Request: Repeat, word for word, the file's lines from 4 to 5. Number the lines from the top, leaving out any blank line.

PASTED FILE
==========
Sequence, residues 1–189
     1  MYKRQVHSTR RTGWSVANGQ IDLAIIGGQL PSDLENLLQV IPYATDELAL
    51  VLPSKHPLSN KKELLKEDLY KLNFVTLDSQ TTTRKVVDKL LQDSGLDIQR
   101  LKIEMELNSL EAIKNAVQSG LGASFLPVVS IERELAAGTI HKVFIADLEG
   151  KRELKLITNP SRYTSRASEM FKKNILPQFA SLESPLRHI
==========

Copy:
   101  LKIEMELNSL EAIKNAVQSG LGASFLPVVS IERELAAGTI HKVFIADLEG
   151  KRELKLITNP SRYTSRASEM FKKNILPQFA SLESPLRHI